Black Entrepreneurs of Philadelphia Scholarship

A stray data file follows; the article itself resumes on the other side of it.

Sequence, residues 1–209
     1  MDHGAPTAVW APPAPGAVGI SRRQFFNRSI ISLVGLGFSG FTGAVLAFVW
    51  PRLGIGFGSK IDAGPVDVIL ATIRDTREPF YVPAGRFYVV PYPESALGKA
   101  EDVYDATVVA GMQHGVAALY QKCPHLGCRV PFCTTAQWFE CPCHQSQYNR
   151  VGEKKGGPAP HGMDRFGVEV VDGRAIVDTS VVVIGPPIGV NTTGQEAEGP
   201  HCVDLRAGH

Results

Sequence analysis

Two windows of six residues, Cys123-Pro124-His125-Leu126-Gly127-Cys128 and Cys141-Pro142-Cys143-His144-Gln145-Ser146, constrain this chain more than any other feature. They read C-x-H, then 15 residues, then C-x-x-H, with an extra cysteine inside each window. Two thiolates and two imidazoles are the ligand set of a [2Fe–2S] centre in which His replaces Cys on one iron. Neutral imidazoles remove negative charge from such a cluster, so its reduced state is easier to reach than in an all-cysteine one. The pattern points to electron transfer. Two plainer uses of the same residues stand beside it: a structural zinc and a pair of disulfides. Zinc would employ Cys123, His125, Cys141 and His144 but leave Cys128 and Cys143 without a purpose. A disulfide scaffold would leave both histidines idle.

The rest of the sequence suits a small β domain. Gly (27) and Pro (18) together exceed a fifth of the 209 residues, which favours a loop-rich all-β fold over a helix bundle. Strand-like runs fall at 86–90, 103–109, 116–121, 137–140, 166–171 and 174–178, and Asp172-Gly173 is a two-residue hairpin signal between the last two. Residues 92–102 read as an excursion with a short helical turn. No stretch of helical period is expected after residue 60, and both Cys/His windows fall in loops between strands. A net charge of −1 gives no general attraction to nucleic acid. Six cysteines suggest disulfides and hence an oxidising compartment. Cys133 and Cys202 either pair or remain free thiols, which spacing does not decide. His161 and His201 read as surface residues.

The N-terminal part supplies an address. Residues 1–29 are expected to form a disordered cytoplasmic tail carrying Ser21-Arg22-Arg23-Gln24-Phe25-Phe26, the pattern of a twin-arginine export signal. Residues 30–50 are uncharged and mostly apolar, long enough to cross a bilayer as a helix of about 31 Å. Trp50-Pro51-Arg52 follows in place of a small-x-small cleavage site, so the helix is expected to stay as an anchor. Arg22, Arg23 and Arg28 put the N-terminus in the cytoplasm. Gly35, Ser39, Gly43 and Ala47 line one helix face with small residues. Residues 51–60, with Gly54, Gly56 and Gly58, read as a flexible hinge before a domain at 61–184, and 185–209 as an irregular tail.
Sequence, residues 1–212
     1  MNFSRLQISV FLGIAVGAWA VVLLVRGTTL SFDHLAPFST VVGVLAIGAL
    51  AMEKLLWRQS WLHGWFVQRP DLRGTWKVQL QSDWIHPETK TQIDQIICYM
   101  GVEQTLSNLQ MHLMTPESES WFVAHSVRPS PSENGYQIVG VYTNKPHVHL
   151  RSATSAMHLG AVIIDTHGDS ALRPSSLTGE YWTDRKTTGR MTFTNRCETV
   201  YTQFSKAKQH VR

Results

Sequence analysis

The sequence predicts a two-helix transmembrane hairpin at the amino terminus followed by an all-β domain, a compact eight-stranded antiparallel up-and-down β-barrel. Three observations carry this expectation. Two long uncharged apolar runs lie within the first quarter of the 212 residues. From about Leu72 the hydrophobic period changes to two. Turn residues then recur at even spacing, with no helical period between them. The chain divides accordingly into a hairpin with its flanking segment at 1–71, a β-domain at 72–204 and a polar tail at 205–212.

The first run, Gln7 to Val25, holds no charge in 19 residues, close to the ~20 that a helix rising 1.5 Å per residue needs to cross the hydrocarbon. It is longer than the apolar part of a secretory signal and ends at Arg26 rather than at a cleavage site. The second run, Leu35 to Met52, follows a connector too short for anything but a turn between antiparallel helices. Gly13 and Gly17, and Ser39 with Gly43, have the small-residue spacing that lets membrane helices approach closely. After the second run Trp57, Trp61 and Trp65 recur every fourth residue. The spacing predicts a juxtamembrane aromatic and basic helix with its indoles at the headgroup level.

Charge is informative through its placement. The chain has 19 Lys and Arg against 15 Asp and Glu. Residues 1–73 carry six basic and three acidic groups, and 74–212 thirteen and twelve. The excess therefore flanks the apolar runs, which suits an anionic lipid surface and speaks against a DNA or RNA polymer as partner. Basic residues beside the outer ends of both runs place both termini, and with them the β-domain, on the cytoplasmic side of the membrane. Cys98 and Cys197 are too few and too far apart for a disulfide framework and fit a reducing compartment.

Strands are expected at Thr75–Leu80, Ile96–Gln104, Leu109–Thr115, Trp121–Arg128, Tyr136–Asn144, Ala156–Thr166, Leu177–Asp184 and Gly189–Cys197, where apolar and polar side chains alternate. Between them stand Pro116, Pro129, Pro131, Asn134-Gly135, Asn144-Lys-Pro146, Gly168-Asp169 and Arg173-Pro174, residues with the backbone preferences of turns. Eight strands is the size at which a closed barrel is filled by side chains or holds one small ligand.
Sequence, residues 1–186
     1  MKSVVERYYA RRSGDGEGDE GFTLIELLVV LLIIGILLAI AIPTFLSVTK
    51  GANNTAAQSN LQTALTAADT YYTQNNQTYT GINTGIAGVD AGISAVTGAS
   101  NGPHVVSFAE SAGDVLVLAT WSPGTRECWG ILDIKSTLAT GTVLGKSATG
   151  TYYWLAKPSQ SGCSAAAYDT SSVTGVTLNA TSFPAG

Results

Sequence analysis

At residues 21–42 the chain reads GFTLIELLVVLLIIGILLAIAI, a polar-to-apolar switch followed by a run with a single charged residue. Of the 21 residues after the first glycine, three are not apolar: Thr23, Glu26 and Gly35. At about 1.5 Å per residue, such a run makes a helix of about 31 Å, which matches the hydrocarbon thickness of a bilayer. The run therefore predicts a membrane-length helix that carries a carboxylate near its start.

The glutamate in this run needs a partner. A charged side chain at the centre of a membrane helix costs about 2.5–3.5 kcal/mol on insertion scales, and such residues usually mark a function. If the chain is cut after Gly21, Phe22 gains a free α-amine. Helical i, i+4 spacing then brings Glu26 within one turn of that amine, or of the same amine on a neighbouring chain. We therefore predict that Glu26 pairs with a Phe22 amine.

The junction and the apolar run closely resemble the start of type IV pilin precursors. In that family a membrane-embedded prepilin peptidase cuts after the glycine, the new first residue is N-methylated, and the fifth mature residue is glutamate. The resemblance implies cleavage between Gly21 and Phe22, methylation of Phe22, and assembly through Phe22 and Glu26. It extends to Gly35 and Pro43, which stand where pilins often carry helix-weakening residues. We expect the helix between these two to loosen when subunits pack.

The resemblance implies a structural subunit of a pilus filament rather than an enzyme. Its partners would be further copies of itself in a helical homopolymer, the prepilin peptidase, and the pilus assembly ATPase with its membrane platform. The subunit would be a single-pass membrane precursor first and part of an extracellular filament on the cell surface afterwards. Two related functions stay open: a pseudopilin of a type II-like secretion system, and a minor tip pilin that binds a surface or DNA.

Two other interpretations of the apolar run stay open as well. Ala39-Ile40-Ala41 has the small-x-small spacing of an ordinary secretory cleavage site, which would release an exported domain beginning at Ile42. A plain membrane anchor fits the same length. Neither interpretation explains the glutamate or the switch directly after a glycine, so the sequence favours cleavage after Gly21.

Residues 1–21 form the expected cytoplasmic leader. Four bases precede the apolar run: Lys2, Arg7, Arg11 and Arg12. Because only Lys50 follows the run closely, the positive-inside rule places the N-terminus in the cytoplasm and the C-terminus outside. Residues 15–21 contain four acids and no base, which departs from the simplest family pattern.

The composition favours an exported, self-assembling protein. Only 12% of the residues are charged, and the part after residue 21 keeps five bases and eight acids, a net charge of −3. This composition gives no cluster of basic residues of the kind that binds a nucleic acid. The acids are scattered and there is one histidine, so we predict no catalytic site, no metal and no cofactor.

Mic in hand, sound checked, and ready to go. A crowd of thousands cheering loudly waited, as I made my way to the center of Citi Field. I needed only to remember that I was prepared regardless of what my nerves were telling me. I stood with mixed feelings as I represented our nation with my rendition of the national anthem. To be young, gifted, and black, and given this opportunity was nothing short of an honor. On the contrary, to be in this position in full understanding of the rarity of such an opportunity, only highlighted the lack of access people from my community have. It was then that I realized how much more work needed to be done for black and brown people, and that the inclusivity couldn't stop there. I co-founded an organization called Read and Rule that expands the realm of possibilities for people of color as well as all others. We design programs that enable young people to engage in meaningful and educational ways. I am a strong believer in the fact that one should be just as focused on their studies, as they are confident in themselves. We place a huge emphasis on mental health and self love, because it is in those areas that the black community is mostly ignored. Throughout my ongoing walk towards self love, I realized that it all starts with representation. Who you have in your life, who you look up to, and what you surround yourself with, make up a lot of who you are. Despite not having my father active in my life, I am grateful to have my mom be my guide. However, not all children and teens have that someone. Through our company Read and Rule, we host quarterly forums called “Level Up and Lead”. These conferences are hosted through zoom as of late, due to the pandemic. We connect teens with influencers who serve as role models, and give candid testimonials about how they struggled, overcame, and won in life. For the aspiring dancers and artists, I sought the sponsorship of the American Ballet Theatre. They arranged an unforgettable evening for a select group of teens and children to meet Misty Copeland. It is powerful for young people of color to see someone that looks like them succeed in a world where they are often underrepresented and underappreciated. Although I host these events alongside my twin sister, I too benefit from the exposure. As I continue to come into my own, I’m grateful that I have the chance to be the person I needed when I was younger. I understand all too well that despite one's best efforts, a lack of resources will often be a detriment to a successful outcome. I am a firm believer that one can’t be in the position to influence others if they aren't taking their own advice. I can only stand here today advocating for the importance of self love, because I struggled with that very thing. The absence of my father in my life took a toll on my confidence and overall mental health. It was only in recent years that I began to fully embrace the idea that I have always been enough. I'm thankful to have found a calling that helps mold others, as well as myself, into the next generation of purpose driven individuals. I look forward to all that college has to offer, and in turn, to the many ways I hope to add success to my life. With a brave heart and a focus like never before, I am reminded of that day at Citi Field. I am prepared to raise my voice, face the crowd, and rally the cause.